New push underway to reduce west-side pollution — inside and out

Grant will help residents upgrade their home energy systems

Inspect a home on the west side and you are likely to find a gas stove, an older furnace and a lack of proper insulation.

Go in the heat of the summer and the air conditioner may be blasting. In the winter, that furnace may be cranked up.

That translates not only to higher utility bills but also higher climate costs in an area that already suffers from pervasive poor air quality.

“Salt Lake County’s west-side communities are vulnerable to several unique forms of pollution not experienced by other neighborhoods within the county,” said Ofa Matagi, an access and equity associate with the Utah Clean Energy nonprofit. “It includes emissions from close freeways, industrial pollution, and pollution from energy use because a lot of the homes on the west side are older homes, and so they’re using outdated heating furnaces and other measures within their homes.”

Armed with a one-year grant from Intermountain Healthcare, Utah Clean Energy aims to start changing that by upgrading energy efficiency in west-side homes and buildings, helping to mitigate the health and environmental impacts in underrepresented communities.

One beneficiary is Guadalupe School, a charter school that serves mostly low-income, immigrant families of ethnic minorities. The other would be a Pacific Islander-centered group that has yet to be selected. The $20,000 grant is to be divided between both institutions.

(Leah Hogsten | The Salt Lake Tribune) Guadalupe School teacher Reggie Jones helps sixth graders with adjectives and adverbs after school, April 6, 2022. The school has received a grant that will help families in the community upgrade the energy-efficiency of their homes.

They get to choose whether to work on energy-efficiency systems for their buildings or dedicate the money to provide upgrades to members of their communities.

Facility improvements would include energy assessments and work with Rocky Mountain Power and energy experts to help do an energy audit within the building. The goal: Determine which power-saving resources could be used. Possibilities range from switching to LED lighting to installing better controls for existing heating and cooling methods.

Home upgrades would focus on installing smart thermostats, electric stovetops, LED lights, attic insulation and air sealing improvements.

“This really is to build the awareness of things that you can do within your home that are relatively cost-effective,” Matagi said. “...Then they’ll see not only a health outcome from that but also bill savings.”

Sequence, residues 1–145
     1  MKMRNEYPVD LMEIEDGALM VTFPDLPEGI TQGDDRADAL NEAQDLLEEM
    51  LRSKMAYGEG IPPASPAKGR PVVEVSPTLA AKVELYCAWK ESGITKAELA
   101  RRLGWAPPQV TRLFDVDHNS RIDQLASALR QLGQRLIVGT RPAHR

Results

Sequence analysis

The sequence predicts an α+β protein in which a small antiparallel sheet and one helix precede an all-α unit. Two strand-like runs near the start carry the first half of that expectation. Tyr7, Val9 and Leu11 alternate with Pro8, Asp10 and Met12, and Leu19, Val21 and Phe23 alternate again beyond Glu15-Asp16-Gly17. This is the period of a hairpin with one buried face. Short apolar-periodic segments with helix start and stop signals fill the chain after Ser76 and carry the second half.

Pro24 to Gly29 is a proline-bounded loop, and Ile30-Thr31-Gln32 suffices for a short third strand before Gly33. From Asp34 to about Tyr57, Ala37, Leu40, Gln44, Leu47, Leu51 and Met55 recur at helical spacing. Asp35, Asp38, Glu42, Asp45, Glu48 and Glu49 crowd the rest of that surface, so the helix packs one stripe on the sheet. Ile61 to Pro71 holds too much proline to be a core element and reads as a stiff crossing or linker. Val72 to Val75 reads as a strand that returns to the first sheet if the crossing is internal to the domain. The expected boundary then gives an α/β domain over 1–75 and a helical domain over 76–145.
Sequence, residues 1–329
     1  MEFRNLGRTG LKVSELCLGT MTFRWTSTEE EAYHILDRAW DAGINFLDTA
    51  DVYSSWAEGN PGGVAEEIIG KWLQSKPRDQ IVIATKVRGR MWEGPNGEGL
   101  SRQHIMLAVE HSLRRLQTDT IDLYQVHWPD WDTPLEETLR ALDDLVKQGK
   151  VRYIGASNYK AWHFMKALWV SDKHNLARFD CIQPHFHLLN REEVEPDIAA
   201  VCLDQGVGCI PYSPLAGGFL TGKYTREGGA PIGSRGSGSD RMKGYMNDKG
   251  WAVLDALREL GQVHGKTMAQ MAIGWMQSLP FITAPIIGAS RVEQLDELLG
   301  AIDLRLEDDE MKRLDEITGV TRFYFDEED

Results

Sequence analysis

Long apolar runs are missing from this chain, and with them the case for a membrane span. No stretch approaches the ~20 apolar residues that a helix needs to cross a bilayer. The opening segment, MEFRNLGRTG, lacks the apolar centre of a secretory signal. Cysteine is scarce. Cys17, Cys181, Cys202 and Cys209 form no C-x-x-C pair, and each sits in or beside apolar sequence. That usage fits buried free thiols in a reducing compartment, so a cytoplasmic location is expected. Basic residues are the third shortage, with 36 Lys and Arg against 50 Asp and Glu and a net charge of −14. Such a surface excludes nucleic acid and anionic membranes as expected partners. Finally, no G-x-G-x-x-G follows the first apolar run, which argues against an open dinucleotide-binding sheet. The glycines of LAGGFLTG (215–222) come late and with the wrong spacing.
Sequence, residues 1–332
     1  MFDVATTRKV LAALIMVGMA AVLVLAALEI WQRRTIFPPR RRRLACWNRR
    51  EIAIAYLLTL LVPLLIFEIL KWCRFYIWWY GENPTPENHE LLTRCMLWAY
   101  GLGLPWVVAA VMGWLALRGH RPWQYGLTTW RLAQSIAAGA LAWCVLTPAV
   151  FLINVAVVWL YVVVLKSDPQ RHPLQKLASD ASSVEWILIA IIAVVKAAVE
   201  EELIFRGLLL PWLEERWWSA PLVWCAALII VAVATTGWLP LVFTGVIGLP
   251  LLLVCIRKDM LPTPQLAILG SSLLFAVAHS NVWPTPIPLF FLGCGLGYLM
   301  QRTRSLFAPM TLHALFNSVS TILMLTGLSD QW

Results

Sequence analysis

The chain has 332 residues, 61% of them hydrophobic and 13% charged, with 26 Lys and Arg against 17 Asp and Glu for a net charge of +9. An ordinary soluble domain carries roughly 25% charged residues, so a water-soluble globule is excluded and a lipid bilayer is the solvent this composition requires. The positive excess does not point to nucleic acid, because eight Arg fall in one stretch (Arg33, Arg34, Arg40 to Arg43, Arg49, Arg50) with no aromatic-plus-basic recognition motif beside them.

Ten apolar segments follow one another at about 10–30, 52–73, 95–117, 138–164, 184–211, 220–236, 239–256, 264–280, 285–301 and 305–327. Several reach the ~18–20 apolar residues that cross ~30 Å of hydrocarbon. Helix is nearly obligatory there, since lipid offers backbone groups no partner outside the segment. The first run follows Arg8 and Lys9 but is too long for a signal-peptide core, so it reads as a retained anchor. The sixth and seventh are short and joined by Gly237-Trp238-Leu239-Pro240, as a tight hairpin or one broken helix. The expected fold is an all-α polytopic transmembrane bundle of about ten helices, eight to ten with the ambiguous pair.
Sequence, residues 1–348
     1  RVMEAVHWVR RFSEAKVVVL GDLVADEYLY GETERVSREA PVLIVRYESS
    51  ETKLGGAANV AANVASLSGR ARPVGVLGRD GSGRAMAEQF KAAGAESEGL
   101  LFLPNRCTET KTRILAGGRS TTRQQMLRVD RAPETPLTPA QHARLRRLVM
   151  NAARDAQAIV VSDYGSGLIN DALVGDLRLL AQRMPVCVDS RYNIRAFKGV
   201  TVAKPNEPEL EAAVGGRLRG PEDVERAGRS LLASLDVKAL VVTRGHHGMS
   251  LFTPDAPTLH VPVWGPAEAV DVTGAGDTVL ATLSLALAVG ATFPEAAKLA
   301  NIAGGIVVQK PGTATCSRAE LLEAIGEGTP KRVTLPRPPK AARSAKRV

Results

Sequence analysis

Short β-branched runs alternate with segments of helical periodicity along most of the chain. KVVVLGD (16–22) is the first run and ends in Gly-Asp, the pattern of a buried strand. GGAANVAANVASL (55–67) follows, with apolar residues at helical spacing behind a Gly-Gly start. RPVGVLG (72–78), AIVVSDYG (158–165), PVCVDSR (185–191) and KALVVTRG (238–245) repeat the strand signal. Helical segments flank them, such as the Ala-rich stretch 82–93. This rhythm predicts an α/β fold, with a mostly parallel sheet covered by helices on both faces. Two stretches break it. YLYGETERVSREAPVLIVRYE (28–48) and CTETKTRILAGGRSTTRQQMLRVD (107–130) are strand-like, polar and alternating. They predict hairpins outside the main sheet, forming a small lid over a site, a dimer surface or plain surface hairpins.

In a similar project Utah Clean Energy conducted at Salt Lake City’s Calvary Baptist Church, crews expected to save 158,000 kilowatt-hours a year and cut annual electricity bills by about $6,700 through energy-efficient upgrades.

Meanwhile, home upgrades for about a dozen participating congregants were expected to save them more than 31,000 kilowatt-hours and 77,440 cubic feet of natural gas a year. It also would save each homeowner an average of $224 on the annual utility tab.

Guadalupe School decided to funnel its grant money to members of its community. Nine west-side families are poised to receive the home improvements this summer, said Guy Lebeda, the school’s development officer.

“It turns out,” he said, “that our ZIP code, where Guadalupe is and where most of our client families live, in the Rose Park area and Glendale, has the dirtiest air in Utah.”

With this initiative, Lebeda added, not only will families see savings in their energy bills, “but they’re also going to get some education about how energy consumption affects their bill, and how our overall use of energy affects the air quality in our neighborhood.”

For Utah Clean Energy, projects like this represent more than just a step away from fossil fuels. Working on the electrification of homes is also a way of giving tools to underserved communities to get information and advocate for themselves in terms of environmental justice.

Ultimately, Utah Clean Energy’s goal is to inform west-siders about actions they can take to reduce the impact of air pollution in homes.

“Many people think that air quality is an outdoor thing, something that we breathe and sometimes see when we see inversions,” Matagi said, but the air quality within a home is just as important.

Utah Clean Energy also received a grant from the U.S. Environmental Protection Agency meant to ensure the fair treatment of communities when it comes to developing, implementing and enforcing environmental rules.

With this project, the nonprofit plans to hold listening sessions to discover barriers and opportunities to boost energy efficiency on the west side.

Alixel Cabrera is a Report for America corps member and writes about the status of communities on the west side of the Salt Lake Valley for The Salt Lake Tribune. Your donation to match our RFA grant helps keep her writing stories like this one; please consider making a tax-deductible gift of any amount today by clicking here.

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